In fastpitch softball pitching these are the most popular and worst arm drills or warmups you can do:
1- With your throwing arm at your side while not moving your arm, flip your wrist to throw the ball.
2- Get down on one knee (your throwing side knee), with your arm only do your arm circle and flip your wrist to throw the ball.
3- Standing sideways to target do three fast arm circles then release ball and flip wrist.
None of the above drills will help a pitcher or any other player with throwing the ball. Whether you snap the wrist or not these are bad drills. They will only put players into very bad habits and teach them to throw mainly with their arms. Because of these teachings most pitchers will not come close to their true potential. Worse, these teachings will lead to hurt arms and many arm injuries. This doesn't need to happen. Pitching can be very easy, I see so many things people teach that make it much harder for players to be successful..
A dad called me today to thank me for saving his son's arm. Last year he was doing these drills with all the pitchers on the team. Dad said he couldn't pitch two innings before he had to stop because of arm soreness. I video taped him the first lesson and they could see how, because of these drills, he was throwing with only his arm. I showed them three pitchers that pitched for 20 years in MLB and they couldn't believe how they looked almost the opposite to him. We started working on using the body and right away it was feeling better on his arm. Today his dad said "he pitched 7 innings, gave up 6 hits and only 1 run against a very good travel team. What I am most excited about is his arm doesn't hurt at all. This is amazing!"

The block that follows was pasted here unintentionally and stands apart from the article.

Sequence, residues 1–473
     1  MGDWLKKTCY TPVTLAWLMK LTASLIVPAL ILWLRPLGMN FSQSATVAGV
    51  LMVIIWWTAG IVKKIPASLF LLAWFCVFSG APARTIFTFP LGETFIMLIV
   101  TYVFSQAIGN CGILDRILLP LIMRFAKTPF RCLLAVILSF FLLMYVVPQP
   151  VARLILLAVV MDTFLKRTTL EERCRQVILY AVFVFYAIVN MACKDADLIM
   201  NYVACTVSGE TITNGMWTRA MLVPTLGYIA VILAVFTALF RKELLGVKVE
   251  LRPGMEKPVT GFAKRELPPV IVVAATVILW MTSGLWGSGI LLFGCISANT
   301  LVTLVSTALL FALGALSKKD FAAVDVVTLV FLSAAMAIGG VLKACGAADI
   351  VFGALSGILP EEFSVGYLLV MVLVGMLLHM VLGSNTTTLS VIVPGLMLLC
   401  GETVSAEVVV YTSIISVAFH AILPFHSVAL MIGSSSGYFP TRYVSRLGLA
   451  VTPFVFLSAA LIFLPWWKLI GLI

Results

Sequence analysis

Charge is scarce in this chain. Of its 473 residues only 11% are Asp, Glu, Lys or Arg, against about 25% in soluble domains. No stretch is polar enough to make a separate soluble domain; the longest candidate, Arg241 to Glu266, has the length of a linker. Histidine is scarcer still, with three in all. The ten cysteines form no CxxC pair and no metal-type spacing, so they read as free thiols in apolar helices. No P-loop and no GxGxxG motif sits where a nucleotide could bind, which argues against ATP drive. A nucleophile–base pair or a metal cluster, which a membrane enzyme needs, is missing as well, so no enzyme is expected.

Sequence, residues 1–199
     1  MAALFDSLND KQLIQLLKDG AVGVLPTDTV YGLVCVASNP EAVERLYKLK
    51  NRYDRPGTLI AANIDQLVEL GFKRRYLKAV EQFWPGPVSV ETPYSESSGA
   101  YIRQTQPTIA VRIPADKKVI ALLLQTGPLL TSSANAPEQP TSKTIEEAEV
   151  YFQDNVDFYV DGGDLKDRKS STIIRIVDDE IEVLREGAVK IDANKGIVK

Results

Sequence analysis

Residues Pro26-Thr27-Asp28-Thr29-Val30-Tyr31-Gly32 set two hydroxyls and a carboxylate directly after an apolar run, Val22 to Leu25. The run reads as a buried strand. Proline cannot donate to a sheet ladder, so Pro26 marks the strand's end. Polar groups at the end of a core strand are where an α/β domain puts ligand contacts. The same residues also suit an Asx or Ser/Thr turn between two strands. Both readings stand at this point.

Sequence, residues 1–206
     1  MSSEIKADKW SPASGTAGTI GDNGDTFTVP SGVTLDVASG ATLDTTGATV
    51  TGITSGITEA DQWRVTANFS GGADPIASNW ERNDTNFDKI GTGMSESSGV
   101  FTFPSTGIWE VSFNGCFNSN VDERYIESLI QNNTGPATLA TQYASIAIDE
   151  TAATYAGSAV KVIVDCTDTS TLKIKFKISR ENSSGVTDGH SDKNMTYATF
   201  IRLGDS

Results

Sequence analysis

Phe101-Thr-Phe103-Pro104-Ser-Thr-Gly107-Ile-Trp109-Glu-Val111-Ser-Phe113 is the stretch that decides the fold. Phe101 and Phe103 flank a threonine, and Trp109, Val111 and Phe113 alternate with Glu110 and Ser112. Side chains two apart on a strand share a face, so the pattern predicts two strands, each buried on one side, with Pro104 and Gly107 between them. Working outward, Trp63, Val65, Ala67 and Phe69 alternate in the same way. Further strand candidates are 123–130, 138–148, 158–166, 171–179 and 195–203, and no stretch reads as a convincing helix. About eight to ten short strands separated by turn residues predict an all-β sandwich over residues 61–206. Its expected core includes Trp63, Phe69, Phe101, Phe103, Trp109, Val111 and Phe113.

Baseball and fastpitch softball pitchers need to start learning how to use the body to create momentum towards the catcher. Not how their arm needs to go faster or snapping their wrist. That is why we are in an epidemic of sore arms.
Learn how to throw with your body instead of your arm. This is the best way to pitch or throw, in baseball and in softball. You will be surprised how easy it is to do, you will throw harder and be amazed how much better your control will become. For more information call Mike Sedberry at 304-722-6393.
|Posted on July 21, 2016 at 11:15 PM||comments (0)|
In my previous blog I talked about how pitching with your body will help you increase your velocity, control and take stress off of your arm. You look and feel so much more effortless whether pitching or in the field when you use your body to generate the energy when throwing a baseball or softball. The problem is each student that comes in for lessons throws mainly with their arm because of what they have been taught. When I start a new lesson with each student I ask what they have learned from coaches, instructors, other parents and on the Internet.
In baseball almost all players say they are being taught one or more of these bad pitching cues that cause bad pitching mechanics:
- When stride knee comes up balance on back leg
- When front foot lands ball is looking at 2nd base
- When front foot lands glove is pointed to home plate
- Take chest to glove when throwing
- Twist or rotate hips
- Elbow goes up above shoulder when throwing
- Faster arm for more speed
- Snap your wrist at release for more speed
- Finish down (pick up dirt)
In fastpitch softball almost all players say they are taught one or more of these bad pitching cues that cause bad pitching mechanics:
- Make faster arm circle